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My Dog Is Moving Slow (With Head Down): 7 Reasons + 3 Tips

My Dog Is Moving Slow With Head Down

Your dog has always been playful and friendly when they see you… 

But one afternoon, while approaching your pooch, they moved so slowly towards you with their head down. 

Since then, you never saw your dog with their head upright. And this troubles you.

Let’s put an end to second-guessing.

Continue reading to find out:

  • What signs can you see if your dog is in pain.
  • When this canine behavior is a cause for worry.
  • 7 Reasons your dog moves slowly with their head down.
  • 3 Tips when you see your dog moving slowly. 
  • And much much more…    

Why is my dog moving slowly?

Your dog moving slowly with their head down is because they’re in pain. Other reasons maybe they are scared, don’t have energy, are aging, being submissive, know they will be rewarded, or sniffing something. 

My dog is moving slowly (with head down) – 7 reasons

#1: Your dog may be in pain

There’s a chance that they are injured or in pain. Dogs that walk slowly with their head down may do it due to these health concerns:  

Pinched nerves (slipped disk)

For better understanding, let’s first have a quick brush up on dog anatomy. 

Our dogs’ spine is made up of vertebrae that protect the spinal cord. The vertebrae also support the flexible movement of the neck to the back area. 

At the middle of each vertebra are circular disks known as intervertebral disks. They act as cushions to avoid friction from one vertebra to another. 

They also protect the spinal cord as it contains several nerves that reach out to other parts of the body. 

The spinal nerves act as messengers that relay information from the brain to the rest of the body.   

All is good until your dog becomes obese or overweight. They might also suffer from trauma or have disk degeneration. The intervertebral disks then press on the nerves in the spinal cord causing pressure and pain. This dysfunction is more popularly known as a slipped disk or ruptured disk

Dog breeds that are prone to this illness have long backs and short legs like Dachshunds and Pekingese.  

Warning: Here are the signs that you should watch out for on your pets who may have pinched nerves or slipped disks:

  • Pain.
  • Paralysis.
  • Stiff neck.
  • Changes in walking.
  • Inability to properly sense their position.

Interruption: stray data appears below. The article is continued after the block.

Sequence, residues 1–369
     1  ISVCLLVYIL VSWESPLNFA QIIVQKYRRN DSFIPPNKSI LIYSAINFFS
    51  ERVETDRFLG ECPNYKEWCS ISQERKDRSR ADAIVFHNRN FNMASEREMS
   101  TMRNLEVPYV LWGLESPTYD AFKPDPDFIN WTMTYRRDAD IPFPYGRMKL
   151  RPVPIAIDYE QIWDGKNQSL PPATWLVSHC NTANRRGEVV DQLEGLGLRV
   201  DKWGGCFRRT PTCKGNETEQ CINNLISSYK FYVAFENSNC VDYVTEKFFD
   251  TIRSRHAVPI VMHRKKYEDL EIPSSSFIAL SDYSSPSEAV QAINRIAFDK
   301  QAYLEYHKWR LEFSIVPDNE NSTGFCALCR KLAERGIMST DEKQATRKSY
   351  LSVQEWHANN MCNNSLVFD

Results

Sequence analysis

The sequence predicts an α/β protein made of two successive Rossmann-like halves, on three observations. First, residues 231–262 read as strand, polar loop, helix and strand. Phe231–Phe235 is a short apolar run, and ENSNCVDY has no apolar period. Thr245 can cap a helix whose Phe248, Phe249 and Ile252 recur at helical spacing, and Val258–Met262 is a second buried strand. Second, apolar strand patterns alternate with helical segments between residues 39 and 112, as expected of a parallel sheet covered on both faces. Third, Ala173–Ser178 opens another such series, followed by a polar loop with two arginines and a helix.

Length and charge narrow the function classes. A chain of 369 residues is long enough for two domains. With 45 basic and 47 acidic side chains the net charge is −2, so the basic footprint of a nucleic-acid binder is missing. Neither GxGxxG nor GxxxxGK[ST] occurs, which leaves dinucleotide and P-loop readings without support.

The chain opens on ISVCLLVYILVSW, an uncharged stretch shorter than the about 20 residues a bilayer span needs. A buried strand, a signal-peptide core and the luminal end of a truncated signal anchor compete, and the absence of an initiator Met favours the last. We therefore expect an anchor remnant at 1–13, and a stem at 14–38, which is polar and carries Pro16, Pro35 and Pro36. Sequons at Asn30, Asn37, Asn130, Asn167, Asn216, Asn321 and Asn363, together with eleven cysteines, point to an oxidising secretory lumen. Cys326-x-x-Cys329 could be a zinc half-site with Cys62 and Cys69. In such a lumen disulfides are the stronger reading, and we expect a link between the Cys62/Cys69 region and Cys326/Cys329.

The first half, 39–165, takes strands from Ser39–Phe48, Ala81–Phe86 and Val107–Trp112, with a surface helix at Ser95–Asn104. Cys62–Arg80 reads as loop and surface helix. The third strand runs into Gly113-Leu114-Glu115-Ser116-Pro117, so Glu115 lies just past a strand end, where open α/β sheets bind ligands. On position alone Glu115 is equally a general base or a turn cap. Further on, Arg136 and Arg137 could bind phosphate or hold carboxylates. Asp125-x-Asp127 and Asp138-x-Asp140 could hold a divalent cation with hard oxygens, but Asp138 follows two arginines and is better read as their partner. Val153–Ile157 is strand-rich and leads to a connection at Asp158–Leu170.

Neurological disease (Distemper)

Your pet’s neurological disease may also cause them to move slowly with their head down. 

The nervous system is the body’s control center. Dogs who lose coordination with their movements and responses may have neurological disorders.    

Below are the most common neurological diseases in dogs:

  • Distemper. 
  • Neosporosis.

Distemper is a canine virus related to measles. It affects the central nervous system and causes brain inflammation. 

Warning: Dogs can get infected by direct contact or airborne exposure. But you don’t need to worry if your pooch is updated with their vaccines.

They’ll show signs like nasal discharge, uncontrollable movements, aggressiveness, lethargy, and excessive drinking

Neosporosis is a disease spread by parasites. It goes inside your dog’s body through eating raw meat or animal feces. 

Though it is common in puppies, some adult dogs can also get this disease. It causes partial paralysis of the hind legs. When not treated properly, it can cause more severe signs.

Vestibular syndrome 

This illness affects the dog’s inner ear and balance. As it’s more common among older dogs, it’s sometimes mistaken for a stroke. 

Loss of balance leading to frequent falls, walking in circles, vomiting, excessive salivation, dehydration, and walking with their head down are some of its symptoms

Animal specialists suggest that this disease may be caused by an infection or ear damage from trauma or injury. It can also be due to lacking nutrition or abnormal growth of tissue. 

Note: Here are more signs that your dog is in pain: